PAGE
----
PITTMAN v. COUNTY OF MADISON

No. 16-3291.

REGINALD PITTMAN, by his guardian ROBIN M. HAMILTON, Plaintiff-Appellant, v. COUNTY OF MADISON, ILLINOIS, et al., Defendants-Appellees.

United States Court of Appeals, Seventh Circuit.

Decided July 14, 2017.


Attorney(s) appearing for the Case

John L. Gilbert , for Defendant-Appellee.

Ross T. Anderson , for Plaintiff-Appellant.

Timothy Charles Sansone , for Defendant-Appellee.

Before POSNER, MANION, and KANNE, Circuit Judges.


POSNER, Circuit Judge.

On the night of December 19, 2007, Reginald Pittman, a pretrial detainee in the Madison County, Illinois, jail, hanged himself from the bars of his cell (of which he was the only occupant) with a blanket. He did not die, but he sustained brain damage that has left him in a vegetative state, cared for entirely by his mother with no government benefits. This suit, brought on his behalf, charges deliberate indifference by guards and other jail staff to the risk of his attempting suicide, in violation of the Eighth Amendment. See Estelle v. Gamble, 429 U.S. 97 (1976). There are ancillary state-law claims, but they received little attention at the trial or in the parties' submissions to us; so since we're reversing and remanding the district court's decision, we'll defer consideration of those claims to a subsequent appeal, if any.

Pittman had left a suicide note in which he said that he was killing himself because the guards were "fucking" with him by not letting him see "crisis," by which he meant crisis counselors (the members of a crisis intervention team at the jail), whose duties include trying to prevent the inmates from killing or injuring themselves. Although the "National Study of Jail Suicide: 20 Years Later," conducted by the Justice Department's National Institute of Corrections in 2006 (the year before Pittman's suicide attempt), found that jail suicides had declined significantly since 1986, the study also found that suicides in jails and other detention facilities were three times as frequent as suicides by free persons. Lindsay M. Hayes, "National Study of Jail Suicide: 20 Years Later," pp. 1, 46 (National Institute of Corrections, April 2010).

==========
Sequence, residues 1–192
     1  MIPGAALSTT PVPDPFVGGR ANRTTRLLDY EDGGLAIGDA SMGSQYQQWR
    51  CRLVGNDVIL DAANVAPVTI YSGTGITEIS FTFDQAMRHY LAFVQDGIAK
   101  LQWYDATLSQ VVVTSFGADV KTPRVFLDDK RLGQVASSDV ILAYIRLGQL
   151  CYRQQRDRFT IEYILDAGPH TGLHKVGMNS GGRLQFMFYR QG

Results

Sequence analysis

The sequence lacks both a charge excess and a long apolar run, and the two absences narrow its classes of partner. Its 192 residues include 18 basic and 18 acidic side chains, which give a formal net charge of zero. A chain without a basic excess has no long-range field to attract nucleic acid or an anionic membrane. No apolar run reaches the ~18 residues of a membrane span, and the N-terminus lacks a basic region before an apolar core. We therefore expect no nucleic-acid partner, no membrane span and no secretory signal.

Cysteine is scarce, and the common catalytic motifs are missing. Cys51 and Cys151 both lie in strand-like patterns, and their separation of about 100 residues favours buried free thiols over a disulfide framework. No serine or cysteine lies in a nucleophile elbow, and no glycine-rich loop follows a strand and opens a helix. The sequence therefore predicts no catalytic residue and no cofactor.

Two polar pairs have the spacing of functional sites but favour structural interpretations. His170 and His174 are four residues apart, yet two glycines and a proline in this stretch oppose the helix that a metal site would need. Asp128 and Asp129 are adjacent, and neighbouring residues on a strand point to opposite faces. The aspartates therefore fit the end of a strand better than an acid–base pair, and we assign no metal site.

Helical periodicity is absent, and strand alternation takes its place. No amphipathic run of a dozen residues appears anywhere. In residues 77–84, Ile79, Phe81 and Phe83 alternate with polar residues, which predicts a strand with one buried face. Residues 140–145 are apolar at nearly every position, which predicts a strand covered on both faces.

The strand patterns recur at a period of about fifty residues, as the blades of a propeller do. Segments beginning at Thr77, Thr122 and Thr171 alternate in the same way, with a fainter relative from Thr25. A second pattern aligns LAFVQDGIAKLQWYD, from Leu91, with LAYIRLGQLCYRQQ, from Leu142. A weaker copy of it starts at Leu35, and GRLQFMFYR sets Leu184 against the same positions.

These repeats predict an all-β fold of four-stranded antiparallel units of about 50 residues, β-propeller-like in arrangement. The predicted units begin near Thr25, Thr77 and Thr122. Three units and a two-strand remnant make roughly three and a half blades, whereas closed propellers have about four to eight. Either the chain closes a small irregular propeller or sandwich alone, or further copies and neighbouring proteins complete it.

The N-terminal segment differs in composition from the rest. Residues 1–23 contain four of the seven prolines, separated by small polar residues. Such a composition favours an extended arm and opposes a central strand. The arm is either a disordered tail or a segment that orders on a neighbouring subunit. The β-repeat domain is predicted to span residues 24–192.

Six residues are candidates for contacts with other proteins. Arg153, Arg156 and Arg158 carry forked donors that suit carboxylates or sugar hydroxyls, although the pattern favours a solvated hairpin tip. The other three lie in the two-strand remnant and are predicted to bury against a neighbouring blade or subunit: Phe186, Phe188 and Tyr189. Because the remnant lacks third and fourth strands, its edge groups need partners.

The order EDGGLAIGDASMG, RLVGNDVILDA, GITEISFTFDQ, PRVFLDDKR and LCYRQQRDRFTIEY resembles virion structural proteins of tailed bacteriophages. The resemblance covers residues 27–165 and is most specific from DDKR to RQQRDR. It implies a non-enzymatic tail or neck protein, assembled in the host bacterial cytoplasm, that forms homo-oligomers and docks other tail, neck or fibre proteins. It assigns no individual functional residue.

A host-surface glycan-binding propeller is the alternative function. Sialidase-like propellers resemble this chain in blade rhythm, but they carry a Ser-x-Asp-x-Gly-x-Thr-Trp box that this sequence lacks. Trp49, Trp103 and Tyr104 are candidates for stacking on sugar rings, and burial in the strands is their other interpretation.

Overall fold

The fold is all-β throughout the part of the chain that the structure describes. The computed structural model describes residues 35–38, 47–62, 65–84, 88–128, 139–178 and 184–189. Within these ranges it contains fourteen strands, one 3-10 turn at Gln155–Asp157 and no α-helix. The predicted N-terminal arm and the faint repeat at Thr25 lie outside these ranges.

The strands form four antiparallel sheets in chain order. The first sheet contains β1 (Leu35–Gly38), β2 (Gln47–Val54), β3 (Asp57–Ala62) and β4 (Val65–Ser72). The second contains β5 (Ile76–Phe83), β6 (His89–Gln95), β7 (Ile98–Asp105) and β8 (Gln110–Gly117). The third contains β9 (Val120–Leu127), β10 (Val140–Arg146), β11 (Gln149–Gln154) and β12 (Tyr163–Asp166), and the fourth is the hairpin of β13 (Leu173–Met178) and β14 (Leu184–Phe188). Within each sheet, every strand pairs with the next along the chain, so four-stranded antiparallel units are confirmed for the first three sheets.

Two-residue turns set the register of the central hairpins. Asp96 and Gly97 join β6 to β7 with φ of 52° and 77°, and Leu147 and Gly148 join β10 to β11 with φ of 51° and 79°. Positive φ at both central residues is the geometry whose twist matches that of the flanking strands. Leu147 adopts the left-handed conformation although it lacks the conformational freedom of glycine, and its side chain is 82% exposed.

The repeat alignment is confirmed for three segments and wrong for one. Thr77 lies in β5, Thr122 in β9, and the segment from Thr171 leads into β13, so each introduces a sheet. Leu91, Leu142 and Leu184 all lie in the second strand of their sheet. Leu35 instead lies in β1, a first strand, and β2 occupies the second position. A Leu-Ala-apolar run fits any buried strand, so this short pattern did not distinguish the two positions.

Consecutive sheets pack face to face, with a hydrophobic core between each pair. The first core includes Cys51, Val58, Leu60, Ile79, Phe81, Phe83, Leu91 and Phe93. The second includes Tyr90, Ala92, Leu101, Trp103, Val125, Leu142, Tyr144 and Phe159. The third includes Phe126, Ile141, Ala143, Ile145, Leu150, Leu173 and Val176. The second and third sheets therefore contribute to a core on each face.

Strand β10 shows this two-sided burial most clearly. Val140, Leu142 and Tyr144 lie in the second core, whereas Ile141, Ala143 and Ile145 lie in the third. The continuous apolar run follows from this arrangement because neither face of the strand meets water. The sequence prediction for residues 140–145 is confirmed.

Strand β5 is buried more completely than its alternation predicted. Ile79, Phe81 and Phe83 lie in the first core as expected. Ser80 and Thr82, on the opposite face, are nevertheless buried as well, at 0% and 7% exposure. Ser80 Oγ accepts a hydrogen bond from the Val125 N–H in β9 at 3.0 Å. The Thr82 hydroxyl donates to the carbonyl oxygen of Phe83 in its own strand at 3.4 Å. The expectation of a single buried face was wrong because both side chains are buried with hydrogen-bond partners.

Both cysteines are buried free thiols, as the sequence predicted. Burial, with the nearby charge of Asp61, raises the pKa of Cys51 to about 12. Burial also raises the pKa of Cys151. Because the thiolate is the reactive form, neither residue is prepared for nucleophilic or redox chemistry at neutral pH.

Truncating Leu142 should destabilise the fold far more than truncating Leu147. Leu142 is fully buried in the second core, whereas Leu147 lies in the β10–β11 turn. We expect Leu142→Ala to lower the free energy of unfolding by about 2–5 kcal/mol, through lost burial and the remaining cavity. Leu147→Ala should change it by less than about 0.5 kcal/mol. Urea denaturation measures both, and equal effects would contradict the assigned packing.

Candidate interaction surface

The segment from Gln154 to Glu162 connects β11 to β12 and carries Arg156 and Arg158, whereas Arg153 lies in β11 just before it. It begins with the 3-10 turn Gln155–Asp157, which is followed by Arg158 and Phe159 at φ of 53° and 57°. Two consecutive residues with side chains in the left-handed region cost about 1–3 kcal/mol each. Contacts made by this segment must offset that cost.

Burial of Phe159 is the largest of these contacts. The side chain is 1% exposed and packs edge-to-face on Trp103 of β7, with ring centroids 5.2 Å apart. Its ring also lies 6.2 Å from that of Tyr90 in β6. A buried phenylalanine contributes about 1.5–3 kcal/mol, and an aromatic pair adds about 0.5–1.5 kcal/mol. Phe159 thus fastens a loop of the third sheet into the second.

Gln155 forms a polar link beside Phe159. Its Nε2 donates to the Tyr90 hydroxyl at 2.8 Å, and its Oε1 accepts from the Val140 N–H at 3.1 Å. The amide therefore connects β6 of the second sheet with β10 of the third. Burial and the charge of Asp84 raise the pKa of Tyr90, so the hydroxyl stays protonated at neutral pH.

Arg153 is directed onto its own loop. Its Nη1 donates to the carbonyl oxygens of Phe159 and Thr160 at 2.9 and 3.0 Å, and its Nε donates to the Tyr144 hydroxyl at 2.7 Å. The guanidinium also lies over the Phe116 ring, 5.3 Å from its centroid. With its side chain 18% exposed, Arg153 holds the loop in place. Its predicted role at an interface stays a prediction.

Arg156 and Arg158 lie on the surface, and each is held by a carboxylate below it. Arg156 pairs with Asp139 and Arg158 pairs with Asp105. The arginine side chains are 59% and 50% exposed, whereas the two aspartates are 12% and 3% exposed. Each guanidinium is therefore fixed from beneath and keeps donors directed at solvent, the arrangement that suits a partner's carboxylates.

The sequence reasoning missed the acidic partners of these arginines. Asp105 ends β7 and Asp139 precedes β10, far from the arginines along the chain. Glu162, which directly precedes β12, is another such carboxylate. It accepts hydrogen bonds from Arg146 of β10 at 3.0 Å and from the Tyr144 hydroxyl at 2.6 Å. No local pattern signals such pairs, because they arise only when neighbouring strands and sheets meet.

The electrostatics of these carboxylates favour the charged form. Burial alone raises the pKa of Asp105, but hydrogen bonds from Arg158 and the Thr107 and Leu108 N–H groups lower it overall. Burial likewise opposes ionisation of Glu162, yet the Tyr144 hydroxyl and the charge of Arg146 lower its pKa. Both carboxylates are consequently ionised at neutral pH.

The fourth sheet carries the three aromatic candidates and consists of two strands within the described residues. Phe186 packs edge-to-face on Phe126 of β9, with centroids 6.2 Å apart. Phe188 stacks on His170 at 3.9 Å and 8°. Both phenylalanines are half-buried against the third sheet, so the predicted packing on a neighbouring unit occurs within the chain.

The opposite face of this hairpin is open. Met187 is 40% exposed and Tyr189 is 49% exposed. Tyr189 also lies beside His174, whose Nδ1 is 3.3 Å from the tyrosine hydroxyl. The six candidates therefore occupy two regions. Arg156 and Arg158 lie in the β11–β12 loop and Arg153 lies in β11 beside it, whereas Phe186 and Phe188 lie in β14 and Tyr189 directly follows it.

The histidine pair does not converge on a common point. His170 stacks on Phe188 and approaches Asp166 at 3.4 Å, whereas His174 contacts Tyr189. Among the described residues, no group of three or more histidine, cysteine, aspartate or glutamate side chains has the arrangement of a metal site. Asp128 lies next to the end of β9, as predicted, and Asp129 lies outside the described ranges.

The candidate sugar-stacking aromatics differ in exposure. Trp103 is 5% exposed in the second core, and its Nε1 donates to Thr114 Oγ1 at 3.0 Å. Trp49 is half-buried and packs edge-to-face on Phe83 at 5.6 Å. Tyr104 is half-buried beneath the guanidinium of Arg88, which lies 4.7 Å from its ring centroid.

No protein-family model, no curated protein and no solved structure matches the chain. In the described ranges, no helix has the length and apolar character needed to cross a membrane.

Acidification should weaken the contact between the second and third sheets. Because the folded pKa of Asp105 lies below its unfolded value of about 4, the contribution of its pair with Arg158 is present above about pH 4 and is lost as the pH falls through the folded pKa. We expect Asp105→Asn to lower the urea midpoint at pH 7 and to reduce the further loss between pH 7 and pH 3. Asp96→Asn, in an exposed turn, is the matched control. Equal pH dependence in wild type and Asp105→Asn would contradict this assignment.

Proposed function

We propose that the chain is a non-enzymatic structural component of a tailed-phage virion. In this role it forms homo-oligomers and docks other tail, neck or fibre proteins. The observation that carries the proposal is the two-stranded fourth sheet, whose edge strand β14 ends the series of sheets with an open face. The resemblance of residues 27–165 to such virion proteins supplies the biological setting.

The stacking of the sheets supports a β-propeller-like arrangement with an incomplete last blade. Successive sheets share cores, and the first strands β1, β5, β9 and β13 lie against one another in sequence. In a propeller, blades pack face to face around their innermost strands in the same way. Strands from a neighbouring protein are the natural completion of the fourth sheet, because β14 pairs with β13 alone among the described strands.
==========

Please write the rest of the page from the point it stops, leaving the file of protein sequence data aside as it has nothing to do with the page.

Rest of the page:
Although Madison County was among the defendants named in Pittman's complaint, along with two of the county's sheriffs, the defendants who are the particular focus of the litigation are jail guards Randy Eaton and Matt Werner. In 2011 the district court granted summary judgment in favor of all the defendants, but our court reversed as to Eaton and Werner (and so remanded) on the ground that there was a genuine issue of fact as to whether they had been deliberately indifferent to the risk that Pittman would attempt suicide. Pittman ex. rel. Hamilton v. County of Madison, 746 F.3d 766, 777-78 (7th Cir. 2014). The case was then tried to a jury, which returned a verdict in favor of both defendants, precipitating this appeal by Pittman's guardian.

The key witness for Pittman was a man named Bradley Banovz (pronounced "Banoviz"), who occupied a cell adjacent to Pittman's when Pittman hanged himself. He testified at the trial that in the five days preceding Pittman's suicide attempt Eaton and Werner had ignored Pittman's requests to see members of the jail's crisis staff.

Some three hours after the suicide attempt a county detective obtained, in an interview room in the jail, a 25-minute interview with Banovz about the attempt, which was captured on video. Pittman's lawyer attempted to introduce the video at the trial, for while Banovz testified at the trial, that was seven years after the suicide attempt and video interview; and while he'd been lucid and articulate in the video interview he was a terrible witness at the trial, with poor recollection, an alternately hostile and flippant demeanor, and an inability to counter evidence of his criminal record harped on by defense counsel.